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Nearly 13,000 Florida borrowers get student loans forgiven

A college student crossing College Avenue.
Anna Jones
WFSU Public Media
A college student crossing College Avenue.

In Florida, 12,790 borrowers were approved for student loan forgiveness this week.

On Feb. 21, the federal Education Department announced a new wave of student loan forgiveness for certain borrowers enrolled in Biden’s SAVE plan, an income-driven repayment option that was introduced last summer.

Borrowers must owe an initial amount of $12,000 or less, and have made student loan payments for at least 10 years, according to an Education Department press release.

During a press call earlier this week, U.S. Secretary of Education Miguel Cardona said the debt relief is designed to assist low- and middle-income borrowers, many of whom took out student loans to attend community college.

“The bottom line is this: We're providing real, immediate breathing room from an unacceptable reality where student loan payments compete with basic needs like putting food on the table and accessing healthcare," he said.

The loan forgiveness plan is expected to strike out $1.2 billion in student debt for nearly 153,000 borrowers nationally, according to the press release.

In Florida, the forgiveness plan is expected to strike out $105 million in debt for eligible borrowers.

Wednesday’s announcement, which was originally slated for July 2024, makes good on a promise the Biden Administration made in January to provide early debt relief to the first batch of SAVE enrollees.

The SAVE plan, which has nearly half a million enrollees in Florida alone, offers lower monthly payments and promises loan forgiveness to all borrowers who make payments for 20 to 25 years, according to a White House issue brief.

Thousands of borrowers in Florida received an email from President Biden this week notifying them about their eligibility for the early loan forgiveness.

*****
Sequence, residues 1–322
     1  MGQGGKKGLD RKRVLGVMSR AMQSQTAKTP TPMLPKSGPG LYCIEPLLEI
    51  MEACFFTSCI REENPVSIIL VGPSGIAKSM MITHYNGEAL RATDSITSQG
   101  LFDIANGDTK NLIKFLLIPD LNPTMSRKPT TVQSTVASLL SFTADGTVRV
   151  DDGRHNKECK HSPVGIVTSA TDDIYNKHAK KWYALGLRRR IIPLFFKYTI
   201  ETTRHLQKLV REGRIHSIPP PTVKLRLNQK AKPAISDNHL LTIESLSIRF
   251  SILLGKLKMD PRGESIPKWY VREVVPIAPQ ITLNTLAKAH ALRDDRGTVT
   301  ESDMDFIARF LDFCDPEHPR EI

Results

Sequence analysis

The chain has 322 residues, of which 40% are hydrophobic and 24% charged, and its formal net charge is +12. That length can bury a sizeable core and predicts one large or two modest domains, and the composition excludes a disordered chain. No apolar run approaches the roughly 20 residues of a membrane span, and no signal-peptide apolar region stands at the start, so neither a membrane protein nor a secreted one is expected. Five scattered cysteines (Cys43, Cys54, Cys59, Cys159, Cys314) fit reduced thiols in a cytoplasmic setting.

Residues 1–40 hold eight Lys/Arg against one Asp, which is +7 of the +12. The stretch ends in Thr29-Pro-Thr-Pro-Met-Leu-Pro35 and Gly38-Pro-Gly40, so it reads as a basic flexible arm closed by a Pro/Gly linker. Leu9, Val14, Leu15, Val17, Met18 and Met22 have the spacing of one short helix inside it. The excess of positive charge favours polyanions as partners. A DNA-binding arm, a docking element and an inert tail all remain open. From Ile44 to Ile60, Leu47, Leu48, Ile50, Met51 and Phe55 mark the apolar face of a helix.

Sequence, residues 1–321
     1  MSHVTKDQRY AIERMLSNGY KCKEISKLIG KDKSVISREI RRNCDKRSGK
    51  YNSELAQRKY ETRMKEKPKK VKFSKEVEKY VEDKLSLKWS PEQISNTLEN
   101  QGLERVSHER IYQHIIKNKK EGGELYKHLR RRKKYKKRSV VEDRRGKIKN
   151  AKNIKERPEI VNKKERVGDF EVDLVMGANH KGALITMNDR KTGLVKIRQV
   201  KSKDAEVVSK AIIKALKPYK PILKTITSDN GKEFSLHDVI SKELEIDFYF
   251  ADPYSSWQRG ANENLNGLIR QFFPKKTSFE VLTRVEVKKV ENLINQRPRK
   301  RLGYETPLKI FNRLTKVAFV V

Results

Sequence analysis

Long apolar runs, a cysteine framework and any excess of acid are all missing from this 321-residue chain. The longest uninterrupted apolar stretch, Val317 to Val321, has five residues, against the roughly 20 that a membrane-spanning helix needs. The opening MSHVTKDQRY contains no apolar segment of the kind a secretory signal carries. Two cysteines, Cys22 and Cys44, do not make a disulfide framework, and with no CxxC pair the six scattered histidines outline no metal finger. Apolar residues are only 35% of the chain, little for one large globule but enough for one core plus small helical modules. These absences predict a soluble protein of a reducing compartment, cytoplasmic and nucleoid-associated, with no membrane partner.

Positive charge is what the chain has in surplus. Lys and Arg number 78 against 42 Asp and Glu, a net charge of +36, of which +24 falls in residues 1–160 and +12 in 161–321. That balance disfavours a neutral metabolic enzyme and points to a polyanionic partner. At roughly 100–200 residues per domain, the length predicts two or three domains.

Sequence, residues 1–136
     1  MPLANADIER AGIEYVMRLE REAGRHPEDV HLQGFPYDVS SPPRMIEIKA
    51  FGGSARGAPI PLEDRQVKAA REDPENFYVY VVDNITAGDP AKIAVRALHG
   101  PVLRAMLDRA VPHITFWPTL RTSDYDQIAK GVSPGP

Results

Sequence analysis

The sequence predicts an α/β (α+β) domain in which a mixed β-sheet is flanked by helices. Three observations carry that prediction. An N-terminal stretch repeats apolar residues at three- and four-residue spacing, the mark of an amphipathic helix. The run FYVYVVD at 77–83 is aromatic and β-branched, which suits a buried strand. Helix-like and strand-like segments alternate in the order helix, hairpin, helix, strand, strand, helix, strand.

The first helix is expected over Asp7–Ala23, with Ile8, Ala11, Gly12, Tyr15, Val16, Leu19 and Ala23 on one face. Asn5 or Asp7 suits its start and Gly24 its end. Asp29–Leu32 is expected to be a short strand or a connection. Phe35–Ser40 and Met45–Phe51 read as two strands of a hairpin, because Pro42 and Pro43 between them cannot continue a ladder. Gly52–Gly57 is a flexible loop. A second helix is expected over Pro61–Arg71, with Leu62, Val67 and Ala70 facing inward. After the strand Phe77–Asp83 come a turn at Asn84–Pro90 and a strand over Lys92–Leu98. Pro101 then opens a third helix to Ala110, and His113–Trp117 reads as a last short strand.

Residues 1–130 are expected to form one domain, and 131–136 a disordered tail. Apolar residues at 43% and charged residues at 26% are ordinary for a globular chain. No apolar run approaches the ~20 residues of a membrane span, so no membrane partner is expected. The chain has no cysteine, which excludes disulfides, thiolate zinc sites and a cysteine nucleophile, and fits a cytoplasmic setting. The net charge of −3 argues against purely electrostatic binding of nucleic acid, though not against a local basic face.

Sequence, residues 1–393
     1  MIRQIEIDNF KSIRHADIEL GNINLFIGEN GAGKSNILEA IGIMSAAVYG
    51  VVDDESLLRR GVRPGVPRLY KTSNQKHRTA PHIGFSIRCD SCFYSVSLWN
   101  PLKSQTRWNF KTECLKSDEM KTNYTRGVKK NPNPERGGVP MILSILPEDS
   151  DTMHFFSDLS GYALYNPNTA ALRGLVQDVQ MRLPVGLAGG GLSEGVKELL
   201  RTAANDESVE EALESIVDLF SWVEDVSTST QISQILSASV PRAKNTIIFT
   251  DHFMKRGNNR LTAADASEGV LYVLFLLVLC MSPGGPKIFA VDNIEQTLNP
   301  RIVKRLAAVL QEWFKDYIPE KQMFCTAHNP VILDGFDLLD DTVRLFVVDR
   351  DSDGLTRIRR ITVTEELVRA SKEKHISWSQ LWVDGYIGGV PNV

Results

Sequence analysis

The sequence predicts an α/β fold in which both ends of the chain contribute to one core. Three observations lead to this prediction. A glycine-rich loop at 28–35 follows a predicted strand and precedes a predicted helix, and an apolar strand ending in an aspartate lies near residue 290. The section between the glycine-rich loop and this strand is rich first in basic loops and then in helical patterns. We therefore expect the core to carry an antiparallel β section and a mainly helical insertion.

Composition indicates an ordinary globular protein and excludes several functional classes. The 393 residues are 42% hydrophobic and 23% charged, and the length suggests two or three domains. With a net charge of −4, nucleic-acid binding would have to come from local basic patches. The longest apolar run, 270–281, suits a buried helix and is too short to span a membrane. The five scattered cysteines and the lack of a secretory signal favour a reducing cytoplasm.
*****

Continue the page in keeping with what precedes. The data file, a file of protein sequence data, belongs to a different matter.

“Congratulations — all or a portion of your federal student loans will be forgiven because you qualify for early loan forgiveness under my Administration's SAVE Plan,” according to an excerpt of a drafted email shared by the Education Department.

While the latest wave of loan forgiveness may offer meaningful relief to a fraction of borrowers in Florida, USF economics instructor Michael Snipes said he is doubtful it will have broader economic impacts.

“From a macro perspective, I really don’t think it’s going to have too much of an impact, and especially if it’s going to be limited in so many ways – it’s just going to have a limited impact,” he said. “From an individual standpoint, $12,000 … is nothing to sneeze at.”

For a borrower who has been making consistent payments for a decade, but has yet to make a dent in the principal amount owed due to compound interest, loan forgiveness will make a huge difference.

Snipes said that “one-time transfer of income” that was expected to go towards debt can now make climbing household expenses, like rent and grocery costs, easier to afford.

Borrowers who believe they meet the criteria, but who are not enrolled in the SAVE plan, are encouraged to immediately sign up at StudentAid.gov/save

Gabriella Paul covers the stories of people living paycheck to paycheck in the greater Tampa Bay region for WUSF. She's also a  Report for America corps member. Here’s how you can share your story with her.

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Gabriella Paul